Despite their size, because commercial trucks are so commonplace on roads today, it can be easy to forget that they’re even there. It can also be hard to remember that there is someone behind the wheel of these massive vehicles, and their job isn’t just to get their load from one point to another. Beyond transporting cargo, truck drivers are also trusted with the task of keeping the public safe, and they have industry laws they follow to help do so. Unfortunately, these standards are not always adhered to and accidents happen. Nashville truck accident lawyers at Larry R. Williams, PLLC, note that these are the most commonly violated truck driving laws by drivers.
Hours of Service Violations
Violating the legal amount of time a truck driver can be driving can either be the fault of the driver or their employer. This is a breach of safety that makes the road a risk for everyone and increases the likelihood of collision tenfold. The Federal Motor Carrier Safety Administration details the hours of service laws for all drivers operating commercial motor vehicles. Here are the property-carrying vehicle HOS regulations:
- Drivers have an 11-hour driving limit but must have had 10 hours off-duty beforehand.
- A 14-hour driving time is the maximum amount of hours permissible for a truck driver to be behind the wheel.
- Once a driver has driven for 8 hours, they must take a 30-minute break.
- You may not drive after 60/70 hours on duty in seven or eight consecutive days.
- You must sleep at least 7 of the 10 hours required between drives.
- The 11-hour driving limit can be extended to 14 when weather conditions prevent the driver from traveling quickly.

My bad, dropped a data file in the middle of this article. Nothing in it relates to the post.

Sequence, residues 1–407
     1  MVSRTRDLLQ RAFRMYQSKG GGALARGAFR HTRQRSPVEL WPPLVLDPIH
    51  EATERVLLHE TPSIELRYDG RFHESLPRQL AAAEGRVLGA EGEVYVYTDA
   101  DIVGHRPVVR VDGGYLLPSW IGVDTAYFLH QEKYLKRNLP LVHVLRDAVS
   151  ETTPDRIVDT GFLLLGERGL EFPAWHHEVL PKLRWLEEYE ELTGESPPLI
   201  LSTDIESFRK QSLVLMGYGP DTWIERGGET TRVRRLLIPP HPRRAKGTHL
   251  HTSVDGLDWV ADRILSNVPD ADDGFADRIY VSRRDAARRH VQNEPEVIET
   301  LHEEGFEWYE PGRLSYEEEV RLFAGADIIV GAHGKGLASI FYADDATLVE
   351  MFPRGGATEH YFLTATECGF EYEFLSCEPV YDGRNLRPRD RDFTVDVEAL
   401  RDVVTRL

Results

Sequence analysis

- The short-haul exception clause allows for drivers to be exempt from requirements if they are in a 150 air-mile radius of their location, and the drive does not exceed 14 hours.
Lane Usage Abuse
Certain lanes on the road are meant for large trucks, and when those lanes are not abided by, trucks can pose a hazard on the road for smaller cars. The rightmost lane on the freeway is a common example of a truck-friendly lane, and even has a different speed limit indication. If a truck enters a fast lane and increases its speed, the truck could lose its cargo, tip over, and injure others on the road.
Approved Route Violation
If you’ve ever been behind the wheel of a car, chances are that you have seen signs pertaining to truck drivers regarding where they are either allowed or not allowed to drive. These route signs are specifically made for truck drivers to follow and are considered an approved route so that they don’t drive their trucks on streets, neighborhoods, or highways that weren’t designed for them. So, when truck driver violates their approved route because it’s faster or they were being negligent, they are putting other drivers at risk by driving their rig in a non-approved area that is more likely to cause an accident.
Inaccurate Logbook Reporting
What most people don’t know about the truck driving business is all of the documentation that drivers are expected to do along their route. Keeping an extremely accurate logbook of their timing and route is a crucial part of the job, and they are even expected to present their logbook to law enforcement at any time. However, keeping a perfect logbook isn’t always the easiest or most convenient thing to do while on the road, which is why some drivers may generalize or even lie. Doing so, however, is incredibly risky as it can put the trucker’s job at risk or face being fined thousands of dollars.
Improper Cargo Loading
Improperly loading cargo in a commercial truck can be extremely dangerous for a number of reasons. Not only can it be distracting for the driver, but as described by the accident attorneys at Shaw Cowart, it can also lead to rollover accidents, damaged products, and more. Nevertheless, it’s not unusual for companies to do so. This is because cutting corners in terms of loading cargo can be a way for trucking companies to save both time and money. And, even though there are overloading regulations in place, some truck companies are willing to risk a fine or potentially an accident rather than be delayed or make more work for themselves.